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FDA Proposes Mandatory Electronic Safety Reporting

Lawrence Lloyd

October 1, 2009

3 Min Read
FDA Proposes Mandatory Electronic Safety Reporting

NEWS TRENDS


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In a move that industry has expected for some time, FDA announced in late August a proposal to require all postmarket safety data for medical devices to be submitted electronically.


Part of a larger shift that reflects the agency's quest for more efficient reporting, FDA issued a similar proposed rule that applies to drug and biologic product adverse-event reports.
“Both proposed rules will improve the agency's ability to obtain safety information more quickly, which will help lead to faster identification of potential safety problems,” said David Buckles, PhD, director of CDRH's postmarket surveillance division. “Information obtained from these reports may be critical to future action that improves patient safety.”
In a Federal Register notice dated August 21, 2009, FDA cited the following benefits for transitioning to electronic-only submissions:
•Reduce industry's time and costs associated with transcribing data from internal data management systems to paper and mailing the paper reports to the agency.• Eliminate the agency's transcription errors, time, and costs associated with receiving paper reports and transcribing data to electronic format for review and analysis.• Expedite the agency's access to safety information in a format that would support more efficient and comprehensive data analyses and reviews.•Enhance the agency's ability to rapidly communicate information about suspected problems to the medical device industry, healthcare providers, consumers, and other government agencies.
The notice also says that setting up new electronic systems is expected to cost the industry $58 million–$80 million. The systems will cost another $8.5 million per year to maintain. However, FDA says the rule would save industry $3.2 million annually and save the agency about $1.25 million per year in data entry costs.
Medical device manufacturers have two options for submitting electronic medical device reports (eMDRs). For small manufacturers with a limited number of reports, FDA recommends eSub. The program runs on free software available from the agency's Web site. FDA says that manufacturers with high volumes of reports may prefer to use a batch submission protocol, which is based on a well-known informatics standard.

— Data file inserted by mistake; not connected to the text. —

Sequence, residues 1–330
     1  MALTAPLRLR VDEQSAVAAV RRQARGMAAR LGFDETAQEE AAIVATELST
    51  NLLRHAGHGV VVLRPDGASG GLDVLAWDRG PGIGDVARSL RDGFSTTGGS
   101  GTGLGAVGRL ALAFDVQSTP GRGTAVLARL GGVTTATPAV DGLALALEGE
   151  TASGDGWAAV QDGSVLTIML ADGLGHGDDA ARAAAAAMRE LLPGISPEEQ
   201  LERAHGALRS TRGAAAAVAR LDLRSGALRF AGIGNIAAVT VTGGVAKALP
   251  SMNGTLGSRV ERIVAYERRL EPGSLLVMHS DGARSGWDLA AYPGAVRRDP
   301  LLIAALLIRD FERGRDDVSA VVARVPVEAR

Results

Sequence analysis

Last year CDRH received 588,161 adverse-event reports, and most were on paper. Manufacturers have been able to submit eMDRs for more than two years, but the method has been slow to catch on. One possible reason is that electronic submissions simply aren't required. Another reason is the general uncertainty surrounding a move from traditional paper-based systems.
“A lot of medical device companies are more legacy in their approach toward technology,” says Mike Jovanis, vice president of product management at Sparta Systems (Holmdel, NJ), a company that offers enterprise quality management software. “They aren't using EDI [electronic data interchange] to submit data over the Internet. These are new concepts that are a departure from their comfortable paper world.”
But the paper forms appear inefficient for both companies and FDA. For example, some manufacturers submit MDRs via paper forms shipped to FDA. Or they produce the forms electronically and then print and mail them.
“Once [manufacturers] send them to FDA, FDA has a room full of people that manually keys those [forms] back into a software system,” Jovanis says. “The whole process from one end to the other is very manual, resource intensive, and error-prone.”
The proposed rule for medical devices does not apply to voluntarily submitted reports. Also, manufacturers need to obtain an electronic certificate to use the FDA Electronic Submissions Gateway.
For information on how to prepare and send eMDRs, visit www.fda.gov/forindustry/fdaesubmitter/ucm107903.htm.
Copyright ©2009 Medical Device & Diagnostic Industry

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